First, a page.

Charbonneau, O. (2020) The permeable south: imperial interactivities in the Islamic Philippines, 1899-1930s. In: Hoganson, K. L. and Sexton, J. (eds.) Crossing Empires: Taking U.S. History into Transimperial Terrain. Series: American encounters/global interactions. Duke University Press: Durham, NC, pp. 183-202. ISBN 9781478006947 (In Press)

Charbonneau, O. (2014) "The Moro problem": race, religion, and American colonial empire in the Southern Philippines, 1899-1939. In: Biagini, A. and Motta, G. (eds.) Empires and Nations from the Eighteenth to the Twentieth Century. Cambridge Scholarly Publishers: Newcastle upon Tyne, pp. 36-44. ISBN 9781443860178

Book Reviews

Charbonneau, O. (2019) Charbonneau on Walter, 'Colonial Violence: European Empires and the Use of Force'. H-Net Reviews in the Humanities and Social Sciences, 5 Dec. [Book Review]

Charbonneau, O. (2019) Review of D. Immerwahr. How to Hide an Empire: A History of the Greater United States (New York: Farrar, Straus, and Giroux, 2019). H-Net Reviews in the Humanities and Social Sciences, [Book Review] (Accepted for Publication)

Charbonneau, O. (2018) Review of del Mar Narbona Logroño, Maria; Pinto, Paulo G.; Karam, John Tofik, eds., Crescent over Another Horizon: Islam in Latin America, the Caribbean, and Latino USA. H-Net Reviews in the Humanities and Social Sciences, [Book Review]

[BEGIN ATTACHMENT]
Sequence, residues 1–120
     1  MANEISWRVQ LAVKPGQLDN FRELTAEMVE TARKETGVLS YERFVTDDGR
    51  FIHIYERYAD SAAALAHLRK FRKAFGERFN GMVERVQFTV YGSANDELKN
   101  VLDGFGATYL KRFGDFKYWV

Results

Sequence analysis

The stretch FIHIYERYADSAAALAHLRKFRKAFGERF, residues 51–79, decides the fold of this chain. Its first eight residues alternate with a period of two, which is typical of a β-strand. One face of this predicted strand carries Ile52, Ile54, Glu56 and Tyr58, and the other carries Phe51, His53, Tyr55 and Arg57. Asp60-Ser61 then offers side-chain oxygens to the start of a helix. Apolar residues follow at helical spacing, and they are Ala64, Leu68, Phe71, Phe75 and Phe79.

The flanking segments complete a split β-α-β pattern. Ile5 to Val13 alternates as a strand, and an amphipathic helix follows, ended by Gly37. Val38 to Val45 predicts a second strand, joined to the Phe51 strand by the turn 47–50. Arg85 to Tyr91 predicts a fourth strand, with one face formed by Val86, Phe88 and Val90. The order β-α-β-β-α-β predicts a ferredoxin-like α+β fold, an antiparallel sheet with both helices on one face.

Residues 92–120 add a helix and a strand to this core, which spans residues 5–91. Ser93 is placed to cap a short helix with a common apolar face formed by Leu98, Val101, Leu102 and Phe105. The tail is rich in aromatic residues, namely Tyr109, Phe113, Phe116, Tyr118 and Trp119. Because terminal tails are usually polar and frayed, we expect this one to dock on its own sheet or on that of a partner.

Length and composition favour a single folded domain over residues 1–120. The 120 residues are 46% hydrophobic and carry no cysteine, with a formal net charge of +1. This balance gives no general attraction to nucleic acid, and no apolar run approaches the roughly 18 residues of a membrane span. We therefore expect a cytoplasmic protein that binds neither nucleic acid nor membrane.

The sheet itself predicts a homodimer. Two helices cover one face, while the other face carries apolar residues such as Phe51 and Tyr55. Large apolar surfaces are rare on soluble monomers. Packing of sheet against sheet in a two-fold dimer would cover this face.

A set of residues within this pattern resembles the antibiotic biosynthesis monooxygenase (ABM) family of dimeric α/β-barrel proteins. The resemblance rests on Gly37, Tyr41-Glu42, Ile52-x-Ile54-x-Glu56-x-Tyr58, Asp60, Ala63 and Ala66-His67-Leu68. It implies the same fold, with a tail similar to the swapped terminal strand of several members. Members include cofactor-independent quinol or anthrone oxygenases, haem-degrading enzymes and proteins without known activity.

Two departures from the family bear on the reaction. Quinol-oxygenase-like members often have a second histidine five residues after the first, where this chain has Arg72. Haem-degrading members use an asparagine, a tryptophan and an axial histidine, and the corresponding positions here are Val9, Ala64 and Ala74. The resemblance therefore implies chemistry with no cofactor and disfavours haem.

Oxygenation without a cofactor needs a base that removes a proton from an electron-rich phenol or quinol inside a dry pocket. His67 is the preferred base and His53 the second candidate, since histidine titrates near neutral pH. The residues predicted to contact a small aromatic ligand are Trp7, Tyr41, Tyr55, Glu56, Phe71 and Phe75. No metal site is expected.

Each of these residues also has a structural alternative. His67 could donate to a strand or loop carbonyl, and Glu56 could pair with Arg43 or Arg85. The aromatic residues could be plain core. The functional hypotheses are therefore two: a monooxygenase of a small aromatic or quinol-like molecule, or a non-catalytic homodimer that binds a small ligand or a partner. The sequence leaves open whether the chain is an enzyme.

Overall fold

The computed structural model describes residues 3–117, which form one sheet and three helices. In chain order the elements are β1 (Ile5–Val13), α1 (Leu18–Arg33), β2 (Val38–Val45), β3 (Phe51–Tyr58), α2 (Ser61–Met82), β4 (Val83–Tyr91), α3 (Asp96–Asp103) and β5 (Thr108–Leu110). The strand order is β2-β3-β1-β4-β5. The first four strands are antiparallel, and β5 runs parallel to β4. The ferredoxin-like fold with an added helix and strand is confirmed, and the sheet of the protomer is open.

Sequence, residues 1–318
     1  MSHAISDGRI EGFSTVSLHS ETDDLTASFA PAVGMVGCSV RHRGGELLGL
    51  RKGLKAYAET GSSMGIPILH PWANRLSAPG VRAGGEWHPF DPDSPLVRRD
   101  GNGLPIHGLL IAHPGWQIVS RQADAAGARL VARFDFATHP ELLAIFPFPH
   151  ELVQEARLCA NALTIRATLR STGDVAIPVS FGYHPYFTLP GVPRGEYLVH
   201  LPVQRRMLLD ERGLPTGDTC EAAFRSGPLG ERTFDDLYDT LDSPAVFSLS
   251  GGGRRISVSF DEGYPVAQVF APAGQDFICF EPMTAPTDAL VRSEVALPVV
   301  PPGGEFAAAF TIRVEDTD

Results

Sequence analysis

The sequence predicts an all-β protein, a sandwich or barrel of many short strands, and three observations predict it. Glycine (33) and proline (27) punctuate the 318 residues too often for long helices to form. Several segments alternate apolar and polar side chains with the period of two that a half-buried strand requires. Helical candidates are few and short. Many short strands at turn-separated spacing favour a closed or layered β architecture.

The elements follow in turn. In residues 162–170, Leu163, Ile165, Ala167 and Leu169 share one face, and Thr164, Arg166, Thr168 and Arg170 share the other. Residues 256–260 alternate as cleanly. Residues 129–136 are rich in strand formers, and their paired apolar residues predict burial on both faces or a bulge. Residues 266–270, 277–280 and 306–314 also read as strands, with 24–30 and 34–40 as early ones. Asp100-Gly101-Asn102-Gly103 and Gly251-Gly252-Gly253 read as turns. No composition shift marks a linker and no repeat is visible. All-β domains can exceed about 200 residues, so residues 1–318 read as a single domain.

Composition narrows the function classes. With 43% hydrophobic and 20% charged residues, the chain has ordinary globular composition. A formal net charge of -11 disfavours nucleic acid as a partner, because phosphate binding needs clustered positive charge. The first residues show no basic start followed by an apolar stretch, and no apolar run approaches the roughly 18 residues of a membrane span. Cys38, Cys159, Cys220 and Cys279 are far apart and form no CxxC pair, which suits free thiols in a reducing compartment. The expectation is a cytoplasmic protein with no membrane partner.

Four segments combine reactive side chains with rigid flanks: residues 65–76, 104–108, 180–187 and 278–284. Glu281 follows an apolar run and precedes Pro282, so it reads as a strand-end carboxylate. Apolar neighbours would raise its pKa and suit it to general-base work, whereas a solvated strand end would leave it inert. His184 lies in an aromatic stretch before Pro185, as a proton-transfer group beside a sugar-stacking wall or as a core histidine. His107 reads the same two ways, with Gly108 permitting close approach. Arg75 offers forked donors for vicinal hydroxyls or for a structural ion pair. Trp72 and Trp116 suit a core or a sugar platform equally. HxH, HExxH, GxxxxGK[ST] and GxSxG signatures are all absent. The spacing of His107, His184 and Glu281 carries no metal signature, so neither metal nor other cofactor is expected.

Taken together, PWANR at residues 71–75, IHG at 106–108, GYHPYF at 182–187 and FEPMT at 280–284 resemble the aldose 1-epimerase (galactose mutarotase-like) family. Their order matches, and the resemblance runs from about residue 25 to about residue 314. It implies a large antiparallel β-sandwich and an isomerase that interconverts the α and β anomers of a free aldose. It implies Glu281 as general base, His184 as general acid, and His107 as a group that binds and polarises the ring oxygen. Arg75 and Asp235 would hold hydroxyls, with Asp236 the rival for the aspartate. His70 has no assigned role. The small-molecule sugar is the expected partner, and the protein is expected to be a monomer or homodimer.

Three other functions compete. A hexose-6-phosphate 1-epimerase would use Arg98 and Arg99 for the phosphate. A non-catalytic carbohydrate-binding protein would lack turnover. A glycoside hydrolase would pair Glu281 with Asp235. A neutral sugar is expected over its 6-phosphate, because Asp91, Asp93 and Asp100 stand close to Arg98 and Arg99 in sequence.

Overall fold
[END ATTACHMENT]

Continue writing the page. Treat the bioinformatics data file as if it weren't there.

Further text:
Charbonneau, O. (2017) Review of Mckenzie, Kirsten, Imperial Underworld: An Escaped Convict and the Transformation of the British Colonial Order. H-Net Reviews in the Humanities and Social Sciences, [Book Review]

Charbonneau, O. (2016) Review of Walther, Karine V., Sacred Interests: The United States and the Islamic World, 1821-1921. H-Net Reviews in the Humanities and Social Sciences, [Book Review]

Charbonneau, O. (2016) Review of Wolfgang Reinhard (ed), Empires and Encounters, 1350-1750. H-Net Reviews in the Humanities and Social Sciences, [Book Review]

Charbonneau, O. (2015) Annekie Joubert (in collaboration with Gerrie Grobler, Inge Kosch and Lize Kriel). Ethnography from the Mission Field: The Hoffmann Collection of Cultural Knowledge. Leiden and Boston: Brill, 2015. 1145 pp. ISBN: 9789004297722. $301.00. Itinerario, 39(3), pp. 527-529. (doi: 10.1017/S0165115315000674)[Book Review]

Charbonneau, O. (2015) Review of Holmes, Kent. Wendell Fertig and His Guerrilla Forces in the Philippines: Fighting the Japanese Occupation, 1942-1945. H-Net Reviews in the Humanities and Social Sciences, [Book Review]

This list was generated on Tue May 26 17:51:54 2020 BST.

Supervision

I welcome students with research projects on the global and imperial dimensions of U.S. history. I am most comfortable supervising topics that fall within my period of study (1860s-1930s) but am happy to make exceptions where merited. Some themes might include:

  • U.S. continental or overseas colonialism
  • The impact of empire on American institutions
  • State / settler violence in domestic or foreign contexts
  • Industrial education and child removal programmes
  • Inter-imperial relations / Transimperial exchanges / Imperial comparisons
  • Indigenous experiences of / responses to settler colonial empire
  • Imperial tourism and exhibitions
  • Race-making in the Gilded Age and Progressive Era
  • Labour regimes in imperial settings
  • Moral reformers, missionaries, and educators in U.S. colonies
  • The frontier as idea and practice

I am always delighted to hear about potential new projects, so please don’t hesitate to send a line!